Review Summary: This is an improvement over "The Growing Process," but it still contains a handful of issues that LP had.
I'm a pretty big fan of Dizzy Wright, but that fandom came to a huge halt last May when he released his sophomore LP "The Growing Process." It had a handful of really good tunes, but was overall extremely unbalanced and drab in large areas of the middle portion and latter half. And when I reflect on how I feel about his discography as a whole I notice that the only projects of his I legitimately don't enjoy are his two studio LPs, so when Dizzy announced he was releasing a new EP my interest was peaked quite a bit. Especially since as of the last few months all of the word coming out of the independent label he's signed to, Funk Volume, has been drama between its two co-founders. So my main question going in was whether or not Dizzy could make up for the huge disappointment of "The Growing Process" and put together another solid EP (the "other" being 2014's "State of Mind"), and I can say this is definitely a step in the right direction. But not the huge leap I was hoping for.
The EP as a whole clocks in at a little over 27 minutes and stretches this length among 8 tracks (the first of which is a 50 second intro). Sonically there's definitely a consistent pallet Dizzy's laid out with the instrumentals. He plays to his usual switch between Boom Bap and Trap percussion to keep things from becoming rhythmically monotonous, but what lays atop these drums is where things become more interesting (for good and bad). The electric guitar leads on "I Got a Lot of Love to Give," "Deal Wit" and "Plotting" aren't organic enough for my taste, and sound too artificial (especially given the flat tones), the keys on "I Wanted To" are mixed too quietly and feel nondescript, and the synths on "Zoovie" are just disgustingly cheap. But the WAH soaked clean guitar chords on "Let Me Live" do a successful job of creating the psychedelic aura Dizzy was obviously trying to go for at times on this project, the thin trap flavored synth riffs on "Work a Lil Harder" are well layered over the banger beat, and the bass across this entire EP sounds fantastic.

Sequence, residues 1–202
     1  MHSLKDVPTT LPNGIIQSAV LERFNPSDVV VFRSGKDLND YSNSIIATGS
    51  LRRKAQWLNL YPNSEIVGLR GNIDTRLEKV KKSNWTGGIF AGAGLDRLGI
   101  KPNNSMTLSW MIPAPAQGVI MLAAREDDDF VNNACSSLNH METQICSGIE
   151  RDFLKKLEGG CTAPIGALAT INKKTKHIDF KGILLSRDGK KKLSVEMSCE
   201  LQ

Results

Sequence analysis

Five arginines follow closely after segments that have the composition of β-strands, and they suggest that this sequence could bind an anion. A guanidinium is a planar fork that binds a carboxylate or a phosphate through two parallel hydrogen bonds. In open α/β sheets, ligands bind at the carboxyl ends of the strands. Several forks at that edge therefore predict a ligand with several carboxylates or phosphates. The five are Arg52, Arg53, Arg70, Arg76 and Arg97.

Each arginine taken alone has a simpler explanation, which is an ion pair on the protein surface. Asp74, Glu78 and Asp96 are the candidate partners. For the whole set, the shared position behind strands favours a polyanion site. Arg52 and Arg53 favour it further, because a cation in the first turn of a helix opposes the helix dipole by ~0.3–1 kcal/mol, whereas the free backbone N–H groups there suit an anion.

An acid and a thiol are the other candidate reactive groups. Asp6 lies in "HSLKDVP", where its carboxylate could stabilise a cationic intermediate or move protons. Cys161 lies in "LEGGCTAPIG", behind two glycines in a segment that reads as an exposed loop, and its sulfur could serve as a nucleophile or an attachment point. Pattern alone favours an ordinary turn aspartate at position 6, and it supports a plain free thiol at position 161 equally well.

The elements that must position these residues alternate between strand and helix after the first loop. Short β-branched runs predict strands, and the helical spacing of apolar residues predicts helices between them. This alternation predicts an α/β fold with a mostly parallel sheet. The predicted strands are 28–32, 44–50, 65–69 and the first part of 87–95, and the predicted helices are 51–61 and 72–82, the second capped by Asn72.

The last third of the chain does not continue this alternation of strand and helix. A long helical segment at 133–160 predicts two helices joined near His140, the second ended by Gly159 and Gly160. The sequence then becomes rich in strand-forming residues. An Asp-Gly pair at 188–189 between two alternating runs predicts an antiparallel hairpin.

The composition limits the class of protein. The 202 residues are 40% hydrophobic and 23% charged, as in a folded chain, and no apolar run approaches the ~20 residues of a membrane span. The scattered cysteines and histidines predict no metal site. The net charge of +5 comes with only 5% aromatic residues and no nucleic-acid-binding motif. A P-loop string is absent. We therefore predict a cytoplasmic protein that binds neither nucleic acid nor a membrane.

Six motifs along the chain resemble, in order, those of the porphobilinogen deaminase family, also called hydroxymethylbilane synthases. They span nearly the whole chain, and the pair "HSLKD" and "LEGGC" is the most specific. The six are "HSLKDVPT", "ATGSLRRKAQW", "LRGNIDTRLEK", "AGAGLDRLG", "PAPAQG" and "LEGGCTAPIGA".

Dizzy hasn't improved as a vocalists but still insists on laying down some sung choruses that are mundane, flat, clunky, and awkward (examples being "Wisdom and Good Vibes (Intro)," "Zoovie," "Let Me Live," and "Deal Wit"). But that doesn't mean he can't deliver a catchy hook when rapping them and implementing simple melodies, because he can and did on songs like "I Got a Lot of Love to Give," "Plotting," "Work a Lil Harder," and "I Wanted Mo." In terms of his content and verses Dizzy comes through with what is to be expected. Talking about his current success, future endeavors, wanting peace, broken relationships, and grinding. And regardless of the quality of a new Dizzy project I can always expect a tighter flow and delivery than on the projects prior, and that's no exception here. He sounds better than ever.
Overall this is an improvement over "The Growing Process," but it still contains a handful of issues that LP had. The lack of pot songs and tasteless Rock instrumentals is great, but unfortunately Dizzy's monotonous sung hooks and the handful of instrumentals that need a better ear to help flesh them out more stuck around. Sonically this more Psychedelic direction works for Dizzy, but he just needs to embrace it further and find producers who know how to make it more interesting and varied. Hopefully he can keep this upward trajectory of quality, growing from his past base of mediocre, going into the future.